Licardi pops a wheelie

Photograph by Jeremy Kramer

Photograph by Jeremy Kramer


So everything that skateboarding has given me, I’ve really wanted to pass on to other people. My wife—we were partners in Galaxie. [We knew] that we wouldn’t really make any money—it was not gonna be for profit. Jerry [Peluso, Newport’s mayor and Galaxie’s landlord] gave us an amazing deal on the building. The whole purpose was to spend time passing on what was given to me.

FORD: Andrew lived in Dayton, Kentucky, for a long time—he would skate around Newport and he met this young group of kids who were really kind of in their own world as far as skateboarding went, kind of out of touch. He called them “the Lost Boys,” like Peter Pan’s lost boys, and tried to sort of mentor them. These kids were using what is now the DIY spot to skateboard, but at the time of course nothing was built there.

MARTIN: Really, it was an old batting cage and it was underneath an overpass, which was fantastic for weather.

ALI CALIS, 40, skater and sign painter for the City of Cincinnati, cofounder of Able Projects, and unofficial assigner of nicknames (which is why he doesn’t have one): I remember when Andrew approached Mayor Peluso about that space—he just said, “This is all piled over with backfill and soil and mulch. If we dug all this out and swept it up, could we skate there? Build some stuff?”

JERRY PELUSO, 58, Mayor of Newport: The city administration always wanted to have a skate park in the city. Newport only being three-and-a-half square miles in size we didn’t have a lot of area to pick from. So when they went out on their own and started at that location, we’re thinking, Wow—they couldn’t have picked a better spot. It wasn’t impeding anyone’s quality of life and it was underneath I-471. I know that’s what I was thinking.

Gary “GC” Collins, 40, skater and current owner, Galaxie Skate Shop: The city kinda just let it go, because some of this stuff around here was pretty rough, you know what I mean? Plus, kids were skating around people’s businesses, where they didn’t want them to skate. So Newport kinda saw it as an alternative place for kids to go. Once they saw that we had taken ownership of it and were keeping it as clean as possible, that’s when it started to transform from a renegade place to, “OK, like maybe we should let them have it.” They didn’t let us have it—it’s not ours. It’s still theirs. But, you know, they let us build whatever we need to.

Photograph by Jeremy Kramer

Photograph by Jeremy Kramer


MARTIN: It was covered in mud, like two inches thick. We had a contest down there just to have a contest somewhere—the whole point was you don’t need anything to skateboard. We found five parking blocks. You could arrange the blocks any way you wanted. And then everybody who came picked up shovels and started scraping things because they wanted to skate more of the area while the contest was going on.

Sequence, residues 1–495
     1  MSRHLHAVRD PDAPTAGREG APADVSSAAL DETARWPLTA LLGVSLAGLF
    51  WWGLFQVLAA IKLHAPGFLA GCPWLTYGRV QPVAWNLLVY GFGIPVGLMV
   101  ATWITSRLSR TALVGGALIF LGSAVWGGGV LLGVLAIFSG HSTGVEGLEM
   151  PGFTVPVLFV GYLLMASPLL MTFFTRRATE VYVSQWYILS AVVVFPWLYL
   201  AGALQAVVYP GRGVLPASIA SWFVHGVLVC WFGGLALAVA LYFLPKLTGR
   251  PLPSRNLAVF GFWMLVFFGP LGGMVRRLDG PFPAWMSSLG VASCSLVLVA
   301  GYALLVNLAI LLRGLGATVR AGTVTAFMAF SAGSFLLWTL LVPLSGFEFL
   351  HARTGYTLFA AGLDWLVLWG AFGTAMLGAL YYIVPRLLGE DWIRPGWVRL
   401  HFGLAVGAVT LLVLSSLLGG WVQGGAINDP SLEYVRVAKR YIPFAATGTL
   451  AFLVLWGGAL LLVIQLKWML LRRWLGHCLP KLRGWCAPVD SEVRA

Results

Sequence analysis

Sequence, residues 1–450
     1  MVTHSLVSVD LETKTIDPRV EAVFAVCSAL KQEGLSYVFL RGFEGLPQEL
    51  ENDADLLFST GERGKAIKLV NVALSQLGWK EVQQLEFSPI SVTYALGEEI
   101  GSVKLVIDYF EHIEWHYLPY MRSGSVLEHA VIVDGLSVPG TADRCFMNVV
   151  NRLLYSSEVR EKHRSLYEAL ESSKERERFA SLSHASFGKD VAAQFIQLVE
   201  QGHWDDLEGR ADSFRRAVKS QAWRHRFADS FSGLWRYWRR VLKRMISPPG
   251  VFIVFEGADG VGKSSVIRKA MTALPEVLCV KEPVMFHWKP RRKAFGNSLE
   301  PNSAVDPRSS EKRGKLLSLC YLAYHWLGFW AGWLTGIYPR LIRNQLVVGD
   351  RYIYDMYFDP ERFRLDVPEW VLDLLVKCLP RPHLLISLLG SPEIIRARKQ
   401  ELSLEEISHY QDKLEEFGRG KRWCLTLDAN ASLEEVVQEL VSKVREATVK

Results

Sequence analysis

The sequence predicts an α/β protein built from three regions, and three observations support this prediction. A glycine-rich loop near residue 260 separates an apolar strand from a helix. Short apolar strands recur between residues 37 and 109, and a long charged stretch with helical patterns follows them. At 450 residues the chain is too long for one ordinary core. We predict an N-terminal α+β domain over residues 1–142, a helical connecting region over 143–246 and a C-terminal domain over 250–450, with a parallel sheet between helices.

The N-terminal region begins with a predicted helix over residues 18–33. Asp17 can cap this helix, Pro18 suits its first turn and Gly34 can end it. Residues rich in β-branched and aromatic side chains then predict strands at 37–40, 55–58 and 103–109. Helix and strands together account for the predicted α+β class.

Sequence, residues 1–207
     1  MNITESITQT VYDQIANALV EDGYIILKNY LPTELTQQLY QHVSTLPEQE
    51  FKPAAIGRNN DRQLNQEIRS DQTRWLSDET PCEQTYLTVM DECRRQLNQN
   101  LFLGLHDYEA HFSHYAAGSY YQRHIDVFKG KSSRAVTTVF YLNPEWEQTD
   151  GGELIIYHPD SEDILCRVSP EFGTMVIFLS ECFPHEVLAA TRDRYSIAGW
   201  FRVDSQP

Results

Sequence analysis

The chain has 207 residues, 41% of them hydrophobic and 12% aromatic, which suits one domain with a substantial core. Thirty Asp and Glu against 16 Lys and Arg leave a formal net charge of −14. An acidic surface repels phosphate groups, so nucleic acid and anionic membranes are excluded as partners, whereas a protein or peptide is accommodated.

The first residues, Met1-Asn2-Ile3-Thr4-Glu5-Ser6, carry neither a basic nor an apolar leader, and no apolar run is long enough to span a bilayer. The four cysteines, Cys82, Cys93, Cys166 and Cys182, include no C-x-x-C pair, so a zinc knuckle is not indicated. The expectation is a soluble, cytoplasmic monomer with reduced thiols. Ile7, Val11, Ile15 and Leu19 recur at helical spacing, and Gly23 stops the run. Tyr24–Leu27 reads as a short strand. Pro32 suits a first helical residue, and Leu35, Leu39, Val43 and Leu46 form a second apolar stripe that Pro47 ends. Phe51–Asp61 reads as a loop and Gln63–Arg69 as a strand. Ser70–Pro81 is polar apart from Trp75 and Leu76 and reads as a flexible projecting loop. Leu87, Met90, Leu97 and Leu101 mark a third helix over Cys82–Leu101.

FORD: [Andrew] would always throw little events at his skate shop, sometimes for younger kids and sometimes for adults. He had video games, NBA Jam tournaments, so the kids would show up and they would compete in brackets. He had snacks for them and a prize to give out. And he’d have contests at the park, too, with prizes.

Andrew’s philosophy about the whole project is really cool to hear, because you expect it just to be built out of a desire for a place to skate but he saw a lot more than that. We saw these kids who were—a lot of them from broken homes and very working class families who didn’t have a lot. They didn’t have a lot of direction, so we knew they could use some. We wanted to do this anyway, but being able to give them some sort of life guidance was more motivation.


By 2009, Martin and his wife had two kids and he was working full-time as a computer technician. Martin wanted Galaxie and the Newport DIY to live on, but he personally had little time or energy left to run either one the way he knew they needed to be run. And though he had never intended to make money on the shop, “he told me at some point he was losing more money than he was making with all the money that was put into starting the DIY,” says Ford. Just in time, Gary Collins showed up. A Covington native and former pro skater, Collins had recently returned to his hometown to start Instrument, his own skateboard brand.

MARTIN: I was gonna have to close Galaxie. I didn’t have the energy to do it the way it deserved to be done.

FORD: When Andrew [decided] to sell the shop he knew he was going to have to pass everything that went along with it to whoever bought it.

Photograph by Jeremy Kramer

Photograph by Jeremy Kramer


MARTIN: I’ve known Gary for a long time. I used to skate with him in Middletown in the ’90s. I knew that he wanted to open up a shop at some point; he had Instrument already. He always has his heart in the right place, and he cares about skateboarding a lot.

COLLINS: Being from Northern Kentucky myself, I realized what a big asset the shop was to the community.

CALIS: Gary’s cool. He almost went pro for Consolidated Skateboards, which is the major brand. Gary’s like this local celebrity.

PELUSO: If Gary ever ran against me for mayor he definitely would get all the votes 21 and under. I’m not as popular as Gary, not even close!

FORD: There was another offer on the table that I guess was significantly more than Gary’s, but Andrew knew Gary was a better candidate for the job. Undeniably, he was right.